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British lawmakers have filed on Monday a statement of intent regarding proposals for improvements to the Data Protection Act, with a focus on criminalizing anonymous data re-identification, imposing larger fines for cyber incidents, and more user protections for British online netizens.

The modifications are part of UK's effort to comply with the EU's General Data Protection Regulation (GDPR) that's set to come into effect in May 2018, time until which EU governments must amend national laws to include its provisions.

New bill adds many GDPR provisions

The new Data Protection Bill (DPB), as it's currently known, includes amendments for GDPR compliance. For example:

≻    Make it simpler to withdraw consent for the use of personal data
≻    Make it easier and free for individuals to require an organization to disclose the personal data it holds on them
≻    Allow people to ask for their personal data held by companies to be erased
≻    Require ‘explicit’ consent to be necessary for processing sensitive personal data
≻    Enable parents and guardians to give consent for their child’s data to be used
≻    Expand the definition of ‘personal data’ to include IP addresses, internet cookies and DNA
≻    Make it easier for customers to move data between service providers

Bigger fines for cyber-incidents

Besides the above GDPR provisions, there is another, which is to raise the amount for maximum fines that UK authorities can impose for cyber incidents.

Until now, these fines were limited to £500,000 ($650,000). The biggest fine the UK government ever gave out until now was for the TalkTalk breach of 2015 when the ICO fined the ISP with only £400,000 ($520,000).

According to the proposed DPB, which is compliant with GDPR provisions, the new fine limit is of up to £17 million ($22 million) or 4% of a company's global turnover.

The criminalization of data re-identification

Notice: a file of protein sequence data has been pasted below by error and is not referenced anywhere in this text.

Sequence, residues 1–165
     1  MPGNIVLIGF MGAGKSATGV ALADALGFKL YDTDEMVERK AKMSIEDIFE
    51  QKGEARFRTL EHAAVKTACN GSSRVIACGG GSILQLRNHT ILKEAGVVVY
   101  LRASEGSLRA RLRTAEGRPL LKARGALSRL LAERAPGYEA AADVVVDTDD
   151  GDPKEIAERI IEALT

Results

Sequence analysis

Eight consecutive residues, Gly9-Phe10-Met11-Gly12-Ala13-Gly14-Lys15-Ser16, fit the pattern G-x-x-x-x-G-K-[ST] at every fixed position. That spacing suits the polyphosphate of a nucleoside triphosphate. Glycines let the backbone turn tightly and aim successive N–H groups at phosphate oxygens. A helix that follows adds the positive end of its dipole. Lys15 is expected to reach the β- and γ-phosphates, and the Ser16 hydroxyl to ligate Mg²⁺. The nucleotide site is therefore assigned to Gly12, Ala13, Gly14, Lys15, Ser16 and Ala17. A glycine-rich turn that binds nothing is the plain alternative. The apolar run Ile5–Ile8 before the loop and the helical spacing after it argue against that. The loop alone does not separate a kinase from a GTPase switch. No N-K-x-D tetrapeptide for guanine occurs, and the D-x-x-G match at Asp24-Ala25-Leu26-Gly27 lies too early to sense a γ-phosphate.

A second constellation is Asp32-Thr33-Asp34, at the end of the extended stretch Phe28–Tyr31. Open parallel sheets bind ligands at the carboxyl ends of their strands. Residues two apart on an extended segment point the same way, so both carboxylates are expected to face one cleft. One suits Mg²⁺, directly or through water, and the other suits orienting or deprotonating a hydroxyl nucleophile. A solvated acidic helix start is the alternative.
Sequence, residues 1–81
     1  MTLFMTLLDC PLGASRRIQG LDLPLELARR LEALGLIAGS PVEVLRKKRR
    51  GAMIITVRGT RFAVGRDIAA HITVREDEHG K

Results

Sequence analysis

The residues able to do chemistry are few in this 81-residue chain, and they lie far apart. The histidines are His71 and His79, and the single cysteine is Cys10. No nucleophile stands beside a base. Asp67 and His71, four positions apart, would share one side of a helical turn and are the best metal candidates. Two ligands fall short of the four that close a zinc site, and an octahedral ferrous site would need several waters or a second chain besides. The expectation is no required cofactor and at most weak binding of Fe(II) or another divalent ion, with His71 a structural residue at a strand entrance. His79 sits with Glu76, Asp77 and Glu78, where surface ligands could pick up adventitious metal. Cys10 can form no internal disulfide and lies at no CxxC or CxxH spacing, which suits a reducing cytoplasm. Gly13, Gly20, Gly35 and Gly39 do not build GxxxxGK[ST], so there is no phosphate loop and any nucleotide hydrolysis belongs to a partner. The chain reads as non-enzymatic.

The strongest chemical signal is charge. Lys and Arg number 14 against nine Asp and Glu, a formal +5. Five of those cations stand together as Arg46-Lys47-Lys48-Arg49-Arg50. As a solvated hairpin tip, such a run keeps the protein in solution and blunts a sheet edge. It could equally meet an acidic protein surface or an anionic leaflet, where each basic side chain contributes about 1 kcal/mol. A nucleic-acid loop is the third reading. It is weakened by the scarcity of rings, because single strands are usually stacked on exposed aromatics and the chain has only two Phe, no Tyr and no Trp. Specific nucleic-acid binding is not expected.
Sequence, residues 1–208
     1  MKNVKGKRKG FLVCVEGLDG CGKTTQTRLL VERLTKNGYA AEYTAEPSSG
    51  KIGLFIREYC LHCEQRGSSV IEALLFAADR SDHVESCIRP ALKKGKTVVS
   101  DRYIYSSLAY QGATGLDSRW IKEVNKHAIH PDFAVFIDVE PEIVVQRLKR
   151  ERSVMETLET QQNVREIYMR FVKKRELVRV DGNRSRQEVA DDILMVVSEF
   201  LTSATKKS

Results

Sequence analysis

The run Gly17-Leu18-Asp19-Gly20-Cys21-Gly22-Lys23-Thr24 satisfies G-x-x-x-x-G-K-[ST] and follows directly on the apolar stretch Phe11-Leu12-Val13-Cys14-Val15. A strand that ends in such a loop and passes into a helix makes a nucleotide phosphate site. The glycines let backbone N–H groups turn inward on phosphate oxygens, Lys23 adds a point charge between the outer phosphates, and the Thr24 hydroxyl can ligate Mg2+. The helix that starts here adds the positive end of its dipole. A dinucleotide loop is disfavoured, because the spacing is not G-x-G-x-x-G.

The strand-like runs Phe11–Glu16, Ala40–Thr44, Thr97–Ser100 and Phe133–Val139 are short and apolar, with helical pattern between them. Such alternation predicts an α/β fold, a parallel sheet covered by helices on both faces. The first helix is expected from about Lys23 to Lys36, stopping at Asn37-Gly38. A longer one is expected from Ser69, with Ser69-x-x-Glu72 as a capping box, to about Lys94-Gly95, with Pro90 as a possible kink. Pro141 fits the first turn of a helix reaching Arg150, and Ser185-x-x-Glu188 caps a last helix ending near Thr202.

On top of the GDPR provisions, the DPB also comes with an extra proposal. This is the creation of a new criminal offence for when someone, intentionally or recklessly, re-identifies individuals from anonymised or pseudonymised data.

"Offenders who knowingly handle or process such data will also be guilty of an offence," the DPB proposal reads. "The maximum penalty would be an unlimited fine."

Dr. Lukasz Olejnik, independent cybersecurity and privacy researcher, affiliatee of Princeton’s Center for Information Technology Policy, applauds the UK's efforts.

"UK’s GDPR implementation may have visionary traits; in that it goes beyond merely implementing the GDPR as just a legislation," he wrote on Monday on his blog. "UK will introduce new criminal offences, among them reidentification."

Privacy expert sees some problems with new criminal offence

While Olejnik applauds the UK's efforts to expand user data privacy protections, he warns that the UK may be treading dangerous ground.

"There are several issues with [the] banning of reidentification," he says. "First, it won’t work. Second, it will decrease security and privacy."

The biggest problem in Olejnik's eyes is that there's is no effective way to enforce it in practice. Second, it stifles security and privacy research who often re-identify anonymized data in their day-to-day work.

"UK’s ICO will furthermore find itself in a possibly inconvenient position where they will need to judge which research is or isn’t appropriate," Olejnik explains.

In other words, it's good that the UK government has identified a problem, but putting it into legislation may end up being used by companies threatening researchers with prosecution in case they want to publish unflattering research that relies on re-identifying users and revealing their details from anonymized data.

In addition, the DPB statement of intent also mentioned some protections for journalists and whistleblowers, but it did not provide any details.

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